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Master of the Liechtenstein Adoration

(active in the Southern Netherlands (?), circa 1550)

Soldiers Discovering the Body of Holofernes. Pen and black ink, grey wash, heightened with white gouache, on brownish laid paper. 19.3 x 29.7 cm.

The present sheet with its powerful and dramatic composition is a recent addition to the small corpus of drawings by the Master of the Liechtenstein Adoration, whose outstanding ability and unique style distinguish him from his fellow artists in mid-16th century Northern Europe.

This mysterious and gifted master has long eluded identification. The notname Master of the Liechtenstein Adoration was first introduced by Friedrich Winkler in 1963 when he was reviewing a group of sixteenth-century drawings with biblical scenes, most of which belonged to the collection of the Princes of Liechtenstein in Vaduz (and before that in Vienna) until they were sold in 1948 (“The Anonymous Liechtenstein Master”, in: Master Drawings, 1963, vol. 1, no. 1, pp. 34–38). The drawings by this anonymous artist, numbering around twenty in all, have now been dispersed over several collections. The majority are executed in pen and black ink with white heightening on paper in opaque colours ranging from lilac to deep purple and brown. Virtually all the works by the artist are executed in the same distinctive, easily recognizable style with figures in highly expressive poses and bold foreshortening. Furthermore, his compositions often have a compelling perspective with an effective use of chiaroscuro that is comparable to works by artists active in the Southern Netherlands such as Pieter Coecke van Aelst (1502–1562), although there is also an affinity with the South German Danube School.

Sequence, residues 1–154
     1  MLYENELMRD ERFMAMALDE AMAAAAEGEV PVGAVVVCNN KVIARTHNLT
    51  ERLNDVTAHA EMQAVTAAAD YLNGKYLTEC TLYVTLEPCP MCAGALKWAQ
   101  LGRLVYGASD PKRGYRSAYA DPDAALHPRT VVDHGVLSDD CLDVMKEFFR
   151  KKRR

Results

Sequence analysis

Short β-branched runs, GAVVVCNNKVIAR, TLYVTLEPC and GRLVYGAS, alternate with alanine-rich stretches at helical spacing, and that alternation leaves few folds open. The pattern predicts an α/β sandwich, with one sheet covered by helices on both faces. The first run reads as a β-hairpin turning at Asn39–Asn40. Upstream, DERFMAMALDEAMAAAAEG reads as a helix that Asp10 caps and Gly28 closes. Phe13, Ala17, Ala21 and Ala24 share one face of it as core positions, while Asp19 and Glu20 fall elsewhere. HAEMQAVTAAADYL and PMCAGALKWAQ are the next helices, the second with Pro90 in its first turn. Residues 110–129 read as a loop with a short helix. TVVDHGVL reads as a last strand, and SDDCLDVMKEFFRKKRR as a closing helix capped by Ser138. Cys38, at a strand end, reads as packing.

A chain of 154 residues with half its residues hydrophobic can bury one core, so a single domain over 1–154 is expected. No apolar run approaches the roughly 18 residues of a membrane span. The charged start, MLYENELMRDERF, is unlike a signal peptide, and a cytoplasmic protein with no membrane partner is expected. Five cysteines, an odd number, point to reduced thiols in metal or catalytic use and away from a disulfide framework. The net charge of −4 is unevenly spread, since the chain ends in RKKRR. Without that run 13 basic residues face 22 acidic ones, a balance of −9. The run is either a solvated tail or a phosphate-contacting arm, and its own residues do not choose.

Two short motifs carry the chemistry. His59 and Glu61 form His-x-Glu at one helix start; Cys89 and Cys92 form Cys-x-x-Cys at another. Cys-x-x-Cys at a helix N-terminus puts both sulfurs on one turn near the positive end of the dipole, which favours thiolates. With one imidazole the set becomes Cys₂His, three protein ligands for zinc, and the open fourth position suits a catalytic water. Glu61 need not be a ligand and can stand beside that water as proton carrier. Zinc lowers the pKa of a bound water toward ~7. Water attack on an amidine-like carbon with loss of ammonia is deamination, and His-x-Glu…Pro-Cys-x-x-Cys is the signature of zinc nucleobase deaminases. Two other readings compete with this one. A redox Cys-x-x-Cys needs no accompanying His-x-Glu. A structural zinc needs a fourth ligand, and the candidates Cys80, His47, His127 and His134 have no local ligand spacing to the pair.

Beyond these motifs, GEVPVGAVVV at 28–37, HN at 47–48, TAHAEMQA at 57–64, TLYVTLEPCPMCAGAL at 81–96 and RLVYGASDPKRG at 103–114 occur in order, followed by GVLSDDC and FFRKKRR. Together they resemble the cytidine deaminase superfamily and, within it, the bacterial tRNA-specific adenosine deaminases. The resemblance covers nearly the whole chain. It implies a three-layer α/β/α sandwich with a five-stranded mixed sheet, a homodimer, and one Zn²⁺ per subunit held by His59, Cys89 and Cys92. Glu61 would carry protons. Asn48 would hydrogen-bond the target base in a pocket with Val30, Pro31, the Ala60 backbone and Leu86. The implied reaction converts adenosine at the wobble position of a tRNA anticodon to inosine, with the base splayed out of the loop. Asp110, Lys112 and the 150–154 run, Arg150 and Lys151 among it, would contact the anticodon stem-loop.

Apart from the present drawing the artist produced at least two other versions of Soldiers Discovering the Body of Holofernes. One of them, executed with the master’s characteristic lilac preparation, is in the collection of The Art Institute Chicago (inv. no. 1999.683). The other, made with a brownish preparation similar to that used in the present drawing and comparable to it in stylistic and compositional terms, is now in the Staatliche Kunstsammlungen in Dresden (inv. no. C1966–60).

The theme of the discovery of the beheaded body of Holofernes is rare in Northern European art before 1550 and our anonymous master impressively displays his great originality of invention by presenting three different but equally striking versions of it. The correlation between the three sheets is also underlined by the fact that they are of almost the same dimensions. While the purpose of the drawings remains unclear, they provide clear evidence of a highly expressive and intriguing artistic personality.

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